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    Cholangiocarcinoma

    Bile duct cancer

    Cholangiocarcinoma is a cancerous (malignant) growth in one of the ducts that carries bile from the liver to the small intestine.

    Causes

    Cancerous tumors of the bile ducts are usually slow-growing and do not spread (metastasize) quickly. However, many of these tumors are already advanced by the time they are found.

    A cholangiocarcinoma may start anywhere along the bile ducts. These tumors block off the bile ducts.

    They affect both men and women. Most patients are older than 65.

    Risks for this condition include:

    • Bile duct (choledochal) cysts
    • Chronic biliary and liver inflammation
    • History of infection with the parasitic worm, liver flukes
    • Primary sclerosing cholangitis
    • Ulcerative colitis

    Cholangiocarcinoma is rare. It occurs in approximately 2 out of 100,000 people.

    Symptoms

    • Chills
    • Clay-colored stools
    • Fever
    • Itching
    • Loss of appetite
    • Pain in the upper right abdomen that may radiate to the back
    • Weight loss
    • Yellowing of the skin (jaundice)

    Exams and Tests

    Your health care provider will perform a physical exam. Tests will be done to check for a tumor or blockage in the bile duct. These may include:

    • Abdominal CT scan
    • Abdominal ultrasound
    • CT scan-directed biopsy
    • Cytology of samples from the bile duct
    • Endoscopic retrograde cholangiopancreatography (ERCP)
    • Magnetic resonance cholangiopancreatography (MRCP)
    • Percutaneous transhepatic cholangiogram (PTCA)

    Blood tests that may be done include:

    • Liver function tests (especially alkaline phosphatase or bilirubin levels)

    Treatment

    The goal is to treat the cancer and the blockage it causes. When possible, surgery to remove the tumor is the treatment of choice and may result in a cure. If the tumor is large, the entire liver may need to be removed and a liver transplant will be needed. However, often the cancer has already spread by the time it is diagnosed.

    Chemotherapy or radiation may be given after surgery to decrease the risk of the cancer returning. However, the benefit of this treatment is not certain.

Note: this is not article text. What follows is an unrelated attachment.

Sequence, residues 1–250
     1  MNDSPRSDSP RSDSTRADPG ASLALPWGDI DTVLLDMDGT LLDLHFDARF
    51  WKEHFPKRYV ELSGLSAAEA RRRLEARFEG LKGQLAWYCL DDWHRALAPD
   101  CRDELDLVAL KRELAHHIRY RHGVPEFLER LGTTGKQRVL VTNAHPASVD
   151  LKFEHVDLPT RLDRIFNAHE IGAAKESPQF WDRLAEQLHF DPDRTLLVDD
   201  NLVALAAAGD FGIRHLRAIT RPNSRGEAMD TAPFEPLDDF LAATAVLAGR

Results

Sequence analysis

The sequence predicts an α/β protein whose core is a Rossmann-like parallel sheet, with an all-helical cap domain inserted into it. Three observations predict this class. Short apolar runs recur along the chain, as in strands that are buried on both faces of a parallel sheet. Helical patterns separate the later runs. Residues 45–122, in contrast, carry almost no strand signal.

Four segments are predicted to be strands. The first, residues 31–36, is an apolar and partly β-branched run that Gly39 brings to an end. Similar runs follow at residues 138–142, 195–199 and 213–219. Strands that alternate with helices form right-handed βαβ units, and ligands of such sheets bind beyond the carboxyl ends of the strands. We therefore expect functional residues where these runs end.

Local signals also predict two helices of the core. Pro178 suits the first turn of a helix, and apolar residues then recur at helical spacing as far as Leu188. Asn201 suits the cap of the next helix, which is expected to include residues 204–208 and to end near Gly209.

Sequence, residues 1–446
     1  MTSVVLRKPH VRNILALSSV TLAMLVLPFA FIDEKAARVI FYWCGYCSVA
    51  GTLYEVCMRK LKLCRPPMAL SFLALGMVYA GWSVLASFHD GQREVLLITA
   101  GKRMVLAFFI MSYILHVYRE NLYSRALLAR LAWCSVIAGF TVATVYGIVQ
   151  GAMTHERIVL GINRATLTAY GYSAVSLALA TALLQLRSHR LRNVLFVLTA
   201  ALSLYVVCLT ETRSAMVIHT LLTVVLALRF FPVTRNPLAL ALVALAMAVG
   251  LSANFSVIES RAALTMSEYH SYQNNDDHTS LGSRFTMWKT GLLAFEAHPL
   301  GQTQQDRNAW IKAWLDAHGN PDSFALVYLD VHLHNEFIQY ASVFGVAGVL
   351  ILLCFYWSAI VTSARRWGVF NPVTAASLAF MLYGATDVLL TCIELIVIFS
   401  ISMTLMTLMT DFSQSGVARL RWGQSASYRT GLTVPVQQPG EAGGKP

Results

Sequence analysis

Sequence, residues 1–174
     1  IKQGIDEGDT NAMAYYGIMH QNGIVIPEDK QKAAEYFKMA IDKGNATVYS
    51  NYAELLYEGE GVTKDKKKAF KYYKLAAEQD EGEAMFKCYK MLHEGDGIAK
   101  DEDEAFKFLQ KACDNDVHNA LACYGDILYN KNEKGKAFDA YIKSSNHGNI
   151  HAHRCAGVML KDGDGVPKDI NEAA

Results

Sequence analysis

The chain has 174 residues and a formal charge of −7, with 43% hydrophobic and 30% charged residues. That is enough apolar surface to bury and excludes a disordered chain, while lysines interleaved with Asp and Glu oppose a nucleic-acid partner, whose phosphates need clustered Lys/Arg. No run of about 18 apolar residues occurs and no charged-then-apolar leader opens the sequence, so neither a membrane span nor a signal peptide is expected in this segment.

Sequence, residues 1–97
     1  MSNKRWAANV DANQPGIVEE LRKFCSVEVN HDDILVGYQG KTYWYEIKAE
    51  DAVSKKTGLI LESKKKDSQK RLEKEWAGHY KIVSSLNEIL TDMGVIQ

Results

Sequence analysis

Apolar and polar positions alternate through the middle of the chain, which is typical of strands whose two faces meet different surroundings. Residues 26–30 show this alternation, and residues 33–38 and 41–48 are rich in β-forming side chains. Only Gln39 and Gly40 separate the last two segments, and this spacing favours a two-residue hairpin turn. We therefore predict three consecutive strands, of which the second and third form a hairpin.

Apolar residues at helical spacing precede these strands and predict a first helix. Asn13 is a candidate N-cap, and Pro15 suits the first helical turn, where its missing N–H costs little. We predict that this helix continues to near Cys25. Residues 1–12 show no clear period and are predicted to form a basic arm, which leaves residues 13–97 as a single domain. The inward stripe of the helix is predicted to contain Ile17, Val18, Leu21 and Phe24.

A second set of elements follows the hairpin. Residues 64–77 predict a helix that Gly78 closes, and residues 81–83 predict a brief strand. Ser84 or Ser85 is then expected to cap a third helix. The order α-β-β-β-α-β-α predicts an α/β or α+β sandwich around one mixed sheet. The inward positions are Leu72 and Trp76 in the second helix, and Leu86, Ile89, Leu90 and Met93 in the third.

Endoscopic therapy with stent placement can temporarily relieve blockages in the biliary ducts and relieve jaundice in patients when the tumor cannot be removed. Laser therapy combined with light-activated chemotherapy medications is another treatment option for those with blockages of the bile duct.

    Support Groups

    You can ease the stress of illness by joining a support group with members who share common experiences and problems (see cancer - support group).

    Hospice is often a good resource for patients with cholangiocarcinoma that cannot be cured.

    Outlook (Prognosis)

    Completely removing the tumor allows approximately 1 in 5 patients to survive for at least 5 years, with the possibility of a complete cure.

    If the tumor cannot be completely removed, a cure is generally not possible. With treatment, about half of these patients live a year, and about half live longer.

    Possible Complications

    • Infection
    • Liver failure
    • Spread (metastasis) of tumor to other organs

    When to Contact a Medical Professional

    Call your health care provider if you have jaundice or other symptoms of cholangiocarcinoma.

    References

    Lewis RL. Liver and biliary tract tumors. In Goldman L,Schafer AI, eds. Cecil Medicine. 24th ed. Philadelphia, PA: Saunders Elsevier; 2011:chap 202.

    National Comprehensive Cancer Network. National Comprehensive Cancer Network Clinical Practice Guidelines in Oncology: Hepatobiliary cancers. 2012. Version 2.2012.

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    • Digestive system

      illustration

    • Bile pathway

      illustration

      • Digestive system

        illustration

      • Bile pathway

        illustration

      Tests for Cholangiocarcinoma

        Review Date: 6/5/2012

        Reviewed By: David C. Dugdale, III, MD, Professor of Medicine, Division of General Medicine, Department of Medicine, University of Washington School of Medicine. Yi-Bin Chen, MD, Leukemia/Bone Marrow Transplant Program, Massachusetts General Hospital. Also reviewed by David Zieve, MD, MHA, Medical Director, A.D.A.M. Health Solutions, Ebix, Inc.

        The information provided herein should not be used during any medical emergency or for the diagnosis or treatment of any medical condition. A licensed medical professional should be consulted for diagnosis and treatment of any and all medical conditions. Links to other sites are provided for information only -- they do not constitute endorsements of those other sites. © 1997- A.D.A.M., Inc. Any duplication or distribution of the information contained herein is strictly prohibited.
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